MONTGOMERY – Long-time Decatur coach and administrator Lorenza Jackson’s role evolved to “father figure” for many of the students entrusted to him during his stellar career in education that lasted for half a century.
Jackson, who died in 2004, is one of 12 individuals in the Class of 2017 being inducted into the Alabama High School Sports Hall of Fame. He is being enshrined in the “Old Timer” category. The Hall of Fame banquet will be Monday, March 20, at the Montgomery Renaissance Hotel and Convention Center.
A native of Decatur, Lorenza Levi Jackson began his coaching and teacher career at his alma mater, Decatur Negro High School, in 1955. He graduated from the school in 1947 and from Alabama A&M College in 1957. He also earned a master’s degree and AA certification.
Decatur Negro High School was later renamed Lakeside High School. Jackson served as the school’s head football, basketball and track coach as well as a classroom teacher until 1969 when integration closed the school. He then transferred to Austin High School where he was an assistant football and head track coach. His track teams won 11 district championships and his football teams won 75 percent their games at Lakeside. He had similar success at Austin.
Jackson received several North Alabama Coach of the Year awards during his coaching career. Lakeside’s 1959 basketball team finished the regular season undefeated. Curtis Miller, one of the players on that team, said Jackson’s influence on and off the court was immeasurable.
“Often when people think of coaches, they think of an individual whose sole purpose is to win ball games,” Miller said. “When people think of Lorenza Jackson, they think of an individual who cared deeply for the individuals whom he worked with and came in contact with. They think of him as an individual who was a teacher, not only in the classroom, but in many other aspects of this community’s development processes.
“Coach Jackson served as father figure not only for me but for many this community. We learned the art of competing in the different sports arenas, but more importantly he taught us the art of being men and community leaders.”
Miller was a key member of that 1959 team at Lakeside. He also was a three-year starter for Jackson’s football team and also was an outstanding track runner.
“I can honestly say that I reached my full potential as an athlete under Coach Jackson,” he said. “As a successfully retired adult, as a devout member of my church family, and as a dedicated father and husband, I can say with all sincerity that Coach Jackson left an indelible mark on my life.”
Sports writer Deangelo McDaniel, in an interview with Jackson in The Decatur Daily in 2000, wrote: “He accomplished about everything a black coach could accomplish during segregation. He won district championships. He carried teams to state tournaments. His players got scholarships. But most importantly, he made the boys he coached better men.”
When integration came Jackson decided to move into administration after seeing his coaching duties become more limited. In 1974 he became a full-time administrator when he was named assistant principal at Austin. Three years later he was named principal at Leon Sheffield Elementary School where he remained until his retirement in 1989.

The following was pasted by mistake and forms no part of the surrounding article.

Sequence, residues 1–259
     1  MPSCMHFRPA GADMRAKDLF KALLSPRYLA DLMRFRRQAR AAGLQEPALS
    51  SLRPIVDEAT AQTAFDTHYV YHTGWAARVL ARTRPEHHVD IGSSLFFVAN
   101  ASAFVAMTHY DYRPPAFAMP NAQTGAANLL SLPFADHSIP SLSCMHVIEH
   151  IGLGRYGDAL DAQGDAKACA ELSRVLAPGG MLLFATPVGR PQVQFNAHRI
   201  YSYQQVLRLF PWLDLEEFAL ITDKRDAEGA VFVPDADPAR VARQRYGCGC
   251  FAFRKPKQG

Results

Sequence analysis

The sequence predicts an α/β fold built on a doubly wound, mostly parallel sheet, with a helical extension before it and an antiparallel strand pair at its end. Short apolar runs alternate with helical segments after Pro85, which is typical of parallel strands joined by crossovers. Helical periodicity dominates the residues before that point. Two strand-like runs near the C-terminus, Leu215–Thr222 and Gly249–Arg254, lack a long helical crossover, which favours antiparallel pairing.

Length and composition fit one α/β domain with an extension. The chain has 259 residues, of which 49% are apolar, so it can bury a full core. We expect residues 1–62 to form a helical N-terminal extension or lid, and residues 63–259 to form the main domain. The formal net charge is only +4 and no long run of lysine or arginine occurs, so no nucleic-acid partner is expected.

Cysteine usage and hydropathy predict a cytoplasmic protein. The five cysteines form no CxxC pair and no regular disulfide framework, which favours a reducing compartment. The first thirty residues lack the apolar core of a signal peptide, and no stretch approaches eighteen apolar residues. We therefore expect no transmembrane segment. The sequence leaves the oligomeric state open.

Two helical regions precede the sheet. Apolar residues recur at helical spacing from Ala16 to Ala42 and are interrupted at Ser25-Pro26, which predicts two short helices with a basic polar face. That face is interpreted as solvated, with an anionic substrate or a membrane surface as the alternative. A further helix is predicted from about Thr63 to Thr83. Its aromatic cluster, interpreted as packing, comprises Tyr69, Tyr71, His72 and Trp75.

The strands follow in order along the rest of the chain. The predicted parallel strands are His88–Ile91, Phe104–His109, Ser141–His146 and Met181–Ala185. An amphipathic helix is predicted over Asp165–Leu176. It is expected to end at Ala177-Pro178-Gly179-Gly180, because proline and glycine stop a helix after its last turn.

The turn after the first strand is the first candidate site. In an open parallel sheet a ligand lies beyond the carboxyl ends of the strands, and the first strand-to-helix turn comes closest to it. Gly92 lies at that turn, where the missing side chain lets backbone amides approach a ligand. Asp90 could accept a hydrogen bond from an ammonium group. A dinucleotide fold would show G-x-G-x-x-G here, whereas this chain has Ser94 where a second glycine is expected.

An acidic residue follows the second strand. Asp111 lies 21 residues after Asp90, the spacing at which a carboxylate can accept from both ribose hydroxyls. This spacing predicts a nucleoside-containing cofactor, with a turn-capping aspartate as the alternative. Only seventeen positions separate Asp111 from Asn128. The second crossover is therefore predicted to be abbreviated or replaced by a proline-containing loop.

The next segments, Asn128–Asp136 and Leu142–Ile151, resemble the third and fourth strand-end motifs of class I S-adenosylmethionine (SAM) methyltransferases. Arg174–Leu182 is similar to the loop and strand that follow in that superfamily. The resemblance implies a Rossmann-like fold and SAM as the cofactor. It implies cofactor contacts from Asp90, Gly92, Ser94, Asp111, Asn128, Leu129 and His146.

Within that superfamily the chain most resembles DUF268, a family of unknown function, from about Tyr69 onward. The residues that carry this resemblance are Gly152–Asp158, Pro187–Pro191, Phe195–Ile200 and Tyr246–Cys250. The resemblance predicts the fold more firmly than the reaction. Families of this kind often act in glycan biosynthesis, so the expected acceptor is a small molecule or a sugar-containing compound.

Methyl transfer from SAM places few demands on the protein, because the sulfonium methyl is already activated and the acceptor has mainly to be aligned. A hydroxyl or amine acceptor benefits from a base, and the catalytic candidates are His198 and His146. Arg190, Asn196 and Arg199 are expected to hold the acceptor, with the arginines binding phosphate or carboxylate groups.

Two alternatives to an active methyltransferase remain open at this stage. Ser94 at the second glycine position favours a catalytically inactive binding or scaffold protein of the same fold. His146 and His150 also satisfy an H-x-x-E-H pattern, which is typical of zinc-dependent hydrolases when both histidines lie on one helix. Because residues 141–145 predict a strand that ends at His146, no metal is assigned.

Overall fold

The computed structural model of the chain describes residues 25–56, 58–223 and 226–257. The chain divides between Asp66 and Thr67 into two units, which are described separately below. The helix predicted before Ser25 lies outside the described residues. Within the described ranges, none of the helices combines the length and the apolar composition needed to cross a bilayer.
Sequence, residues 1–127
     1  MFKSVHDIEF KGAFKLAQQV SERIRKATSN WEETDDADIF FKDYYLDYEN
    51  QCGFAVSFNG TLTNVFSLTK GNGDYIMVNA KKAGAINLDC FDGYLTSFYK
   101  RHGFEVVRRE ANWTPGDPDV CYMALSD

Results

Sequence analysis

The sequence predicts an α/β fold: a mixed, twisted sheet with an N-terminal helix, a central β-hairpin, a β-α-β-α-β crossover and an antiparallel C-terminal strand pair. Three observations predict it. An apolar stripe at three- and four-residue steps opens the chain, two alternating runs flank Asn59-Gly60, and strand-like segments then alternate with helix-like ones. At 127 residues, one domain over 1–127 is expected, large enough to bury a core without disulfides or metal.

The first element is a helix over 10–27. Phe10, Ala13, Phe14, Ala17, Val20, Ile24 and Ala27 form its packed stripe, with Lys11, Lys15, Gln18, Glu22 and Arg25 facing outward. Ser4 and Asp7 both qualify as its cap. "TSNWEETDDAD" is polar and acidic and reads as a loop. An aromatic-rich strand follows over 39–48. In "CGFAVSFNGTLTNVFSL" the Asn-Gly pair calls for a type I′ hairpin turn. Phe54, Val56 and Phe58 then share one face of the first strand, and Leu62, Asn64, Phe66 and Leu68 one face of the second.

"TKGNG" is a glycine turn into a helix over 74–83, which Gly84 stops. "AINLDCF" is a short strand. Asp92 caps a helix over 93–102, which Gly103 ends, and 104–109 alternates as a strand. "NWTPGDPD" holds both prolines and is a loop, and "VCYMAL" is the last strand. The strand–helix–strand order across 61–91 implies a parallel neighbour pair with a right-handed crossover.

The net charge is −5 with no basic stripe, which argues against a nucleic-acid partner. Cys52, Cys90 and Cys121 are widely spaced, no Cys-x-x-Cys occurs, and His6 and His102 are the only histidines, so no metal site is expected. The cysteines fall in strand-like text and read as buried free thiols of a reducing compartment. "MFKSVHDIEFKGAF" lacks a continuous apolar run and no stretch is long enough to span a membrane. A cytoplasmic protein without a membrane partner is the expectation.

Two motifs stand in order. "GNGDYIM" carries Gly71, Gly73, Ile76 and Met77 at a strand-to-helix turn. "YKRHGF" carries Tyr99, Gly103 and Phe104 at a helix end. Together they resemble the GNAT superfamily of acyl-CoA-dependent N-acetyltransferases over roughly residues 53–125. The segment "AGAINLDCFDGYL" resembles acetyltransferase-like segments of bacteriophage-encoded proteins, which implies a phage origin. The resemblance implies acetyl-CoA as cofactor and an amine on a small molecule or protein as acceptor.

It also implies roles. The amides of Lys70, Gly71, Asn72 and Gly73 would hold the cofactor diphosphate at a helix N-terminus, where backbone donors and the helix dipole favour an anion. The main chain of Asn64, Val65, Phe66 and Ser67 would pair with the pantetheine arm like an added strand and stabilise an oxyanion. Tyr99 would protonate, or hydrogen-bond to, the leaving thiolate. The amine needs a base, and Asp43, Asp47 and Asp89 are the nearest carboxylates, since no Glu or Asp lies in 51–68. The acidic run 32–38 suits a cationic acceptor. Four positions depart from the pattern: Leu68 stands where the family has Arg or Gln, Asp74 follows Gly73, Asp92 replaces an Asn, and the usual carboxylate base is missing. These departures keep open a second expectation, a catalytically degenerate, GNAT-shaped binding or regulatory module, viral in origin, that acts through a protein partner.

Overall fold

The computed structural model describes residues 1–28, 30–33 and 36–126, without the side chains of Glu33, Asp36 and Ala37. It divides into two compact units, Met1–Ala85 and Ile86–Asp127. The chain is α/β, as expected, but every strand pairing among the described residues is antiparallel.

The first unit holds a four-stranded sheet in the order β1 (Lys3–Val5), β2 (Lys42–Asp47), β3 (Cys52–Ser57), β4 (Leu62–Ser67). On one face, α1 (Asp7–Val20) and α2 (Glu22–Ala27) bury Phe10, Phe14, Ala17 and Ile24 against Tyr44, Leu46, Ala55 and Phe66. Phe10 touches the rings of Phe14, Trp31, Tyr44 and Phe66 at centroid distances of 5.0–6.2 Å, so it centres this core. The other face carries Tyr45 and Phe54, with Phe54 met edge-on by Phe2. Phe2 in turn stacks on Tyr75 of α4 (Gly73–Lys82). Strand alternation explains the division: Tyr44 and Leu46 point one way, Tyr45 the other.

He earned the respect of his peers, helping the community work through the difficult days of integration. In a letter supporting Jackson’s nomination to the Hall of Fame, Decatur Superintendent Ed Nichols Jr. described his perception of Jackson’s many contributions.
“Mr. Jackson was a servant leader in the education community for many years,” Nichols said. “His leadership in the challenging and historic segregation period within the city of Decatur is without equal. Mr. Jackson served as a teacher, administrator and coach as our community and state worked through the integration process and did so with, pride, humility and a positive attitude.
“His teachers and students described him as a man of great integrity, a model of leadership and a community leader for all people. Current teachers who worked under him share stories of his understanding attitude to meet their needs and the changing needs of students across the changing social times. He is a man who brought diverse communities together.
“Mr. Jackson is a model of the leadership one would expect and desire in an educator of the students of yesterday and today. His legacy lives in the students he taught and coached, who speak fondly of him, and the teachers he supervised, who continue to practice the leadership model and communication that the fostered in them.”
Jackson was inducted into the Athletic Boosters Club Sports Hall of Fame and was named the city’s Educator of the Year in 1989.
Among his many civic and community activities were the Civitan Club, Decatur City Planning Commission, Decatur Parks and Recreation aquatic supervisor, Decatur General Foundation Board and an elder at Macedonia Cumberland Presbyterian Church.
Friday: Ninth and tenth installments of the Hall of Fame series: Sand Rock football coach Russell Jacoway and Hatton volleyball coach Rebecca Lee.